The dan ranking system in Go was devised by Hon'inbō Dōsaku (1645–1702), a professional Go player in the Edo period.[1][4] Prior to the invention, top-to-bottom ranking was evaluated by comparison of handicap and tended to be vague. Dosaku valued the then highest title holder, Meijin at 9 Dan. He was likely inspired by an ancient Chinese Go ranking system (9 Pin Zhi) and an earlier court ranking system (nine-rank system), although lower numbers are more senior in those systems.

Dan ranks were transferred to martial arts by Kanō Jigorō (1860–1938), the founder of judo. Kanō started the modern rank system in 1883 when he awarded shodan (the lowest dan rank) to two of his senior students (Shiro Saigo and Tomita Tsunejirō). Prior to this, martial arts schools rewarded progress with less frequent menkyo licenses, giving the disciple the right to teach what he has learnt, the menkyo system containing in itself several ranks, the latter being the menkyo kaiden (免許皆伝), the license attesting that the disciple has mastered the whole teaching of the art ; another way of rewarding a particularily skilled disciple was by choosing him as next sōke by transmitting him the secret scrolls of the school, the densho (伝書).[5]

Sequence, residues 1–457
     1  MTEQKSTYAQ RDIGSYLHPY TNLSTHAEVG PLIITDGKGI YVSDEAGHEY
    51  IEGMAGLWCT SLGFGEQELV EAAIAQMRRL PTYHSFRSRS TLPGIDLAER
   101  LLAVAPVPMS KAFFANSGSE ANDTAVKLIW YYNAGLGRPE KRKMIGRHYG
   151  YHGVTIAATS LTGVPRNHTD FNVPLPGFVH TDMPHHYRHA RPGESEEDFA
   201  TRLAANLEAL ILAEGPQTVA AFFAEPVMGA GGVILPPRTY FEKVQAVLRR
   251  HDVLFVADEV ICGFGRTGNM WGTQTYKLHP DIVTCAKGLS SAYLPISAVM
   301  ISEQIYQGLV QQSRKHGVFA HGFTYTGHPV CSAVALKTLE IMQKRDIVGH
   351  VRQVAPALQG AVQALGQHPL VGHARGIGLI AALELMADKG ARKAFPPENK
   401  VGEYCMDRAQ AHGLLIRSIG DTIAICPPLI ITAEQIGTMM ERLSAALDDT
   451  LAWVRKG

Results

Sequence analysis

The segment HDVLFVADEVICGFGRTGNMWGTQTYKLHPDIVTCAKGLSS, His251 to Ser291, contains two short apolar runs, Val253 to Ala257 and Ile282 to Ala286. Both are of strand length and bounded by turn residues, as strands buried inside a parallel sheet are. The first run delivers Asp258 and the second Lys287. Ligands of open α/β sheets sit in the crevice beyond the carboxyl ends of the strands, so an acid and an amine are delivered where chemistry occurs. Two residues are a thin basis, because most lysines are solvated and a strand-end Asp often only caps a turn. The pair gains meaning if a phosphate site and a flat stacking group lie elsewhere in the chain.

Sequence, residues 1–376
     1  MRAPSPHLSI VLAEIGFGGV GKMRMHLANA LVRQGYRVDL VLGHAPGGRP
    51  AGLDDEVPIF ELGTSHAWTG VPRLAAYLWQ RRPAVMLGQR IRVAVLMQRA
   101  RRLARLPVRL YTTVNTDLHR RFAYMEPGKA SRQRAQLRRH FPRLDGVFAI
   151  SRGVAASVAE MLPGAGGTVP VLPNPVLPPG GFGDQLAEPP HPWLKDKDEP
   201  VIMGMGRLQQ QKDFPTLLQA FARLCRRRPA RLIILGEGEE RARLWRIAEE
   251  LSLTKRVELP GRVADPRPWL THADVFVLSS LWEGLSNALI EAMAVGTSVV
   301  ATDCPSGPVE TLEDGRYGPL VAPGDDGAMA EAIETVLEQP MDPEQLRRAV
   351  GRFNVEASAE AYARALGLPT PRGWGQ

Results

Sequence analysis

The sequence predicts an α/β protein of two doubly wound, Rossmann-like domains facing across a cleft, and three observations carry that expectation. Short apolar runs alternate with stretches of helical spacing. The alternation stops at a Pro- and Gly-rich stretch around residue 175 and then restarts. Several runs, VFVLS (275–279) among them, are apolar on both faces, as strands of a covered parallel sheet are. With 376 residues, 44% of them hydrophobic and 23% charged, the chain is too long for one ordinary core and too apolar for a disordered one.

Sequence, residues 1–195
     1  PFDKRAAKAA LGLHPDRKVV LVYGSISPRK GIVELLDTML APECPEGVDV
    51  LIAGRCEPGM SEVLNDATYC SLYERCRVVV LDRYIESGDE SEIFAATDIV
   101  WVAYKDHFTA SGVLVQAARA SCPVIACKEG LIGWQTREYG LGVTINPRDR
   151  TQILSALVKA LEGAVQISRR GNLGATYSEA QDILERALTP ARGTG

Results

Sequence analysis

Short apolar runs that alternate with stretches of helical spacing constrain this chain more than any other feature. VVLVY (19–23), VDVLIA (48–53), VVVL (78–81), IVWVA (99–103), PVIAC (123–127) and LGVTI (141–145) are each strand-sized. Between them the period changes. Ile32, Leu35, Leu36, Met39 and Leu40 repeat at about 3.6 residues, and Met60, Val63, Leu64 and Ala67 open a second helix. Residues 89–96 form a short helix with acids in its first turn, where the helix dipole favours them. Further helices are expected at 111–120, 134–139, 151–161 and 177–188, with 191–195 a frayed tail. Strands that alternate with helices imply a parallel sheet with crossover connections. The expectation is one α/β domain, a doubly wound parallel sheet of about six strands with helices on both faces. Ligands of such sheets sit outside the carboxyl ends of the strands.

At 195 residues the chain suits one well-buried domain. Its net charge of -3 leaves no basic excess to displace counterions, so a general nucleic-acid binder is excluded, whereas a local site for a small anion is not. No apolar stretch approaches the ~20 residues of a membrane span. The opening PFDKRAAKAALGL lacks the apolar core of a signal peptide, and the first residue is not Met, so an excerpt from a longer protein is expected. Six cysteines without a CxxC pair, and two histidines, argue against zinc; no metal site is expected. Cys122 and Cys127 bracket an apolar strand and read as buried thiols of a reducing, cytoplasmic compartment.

There was still no external differentiation between yūdansha (black belt ranks) and mudansha (those who had not yet attained a dan grade). Different athletic departments within the Japanese school system were already using markers of rank, most notably in swimming, where advanced swimmers wore a black ribbon around their waists.[4] Kano adopted the custom of having his yūdansha wear black obi (belts) in 1886.[citation needed]

At that time, these obi were not the belts that karateka and jūdōka wear today; the students were still practicing in kimono. They wore the wide obi still worn with formal kimono. In 1907, Kanō invented the modern keikogi (white practice uniforms), and belts in white for mudansha and black for yūdansha.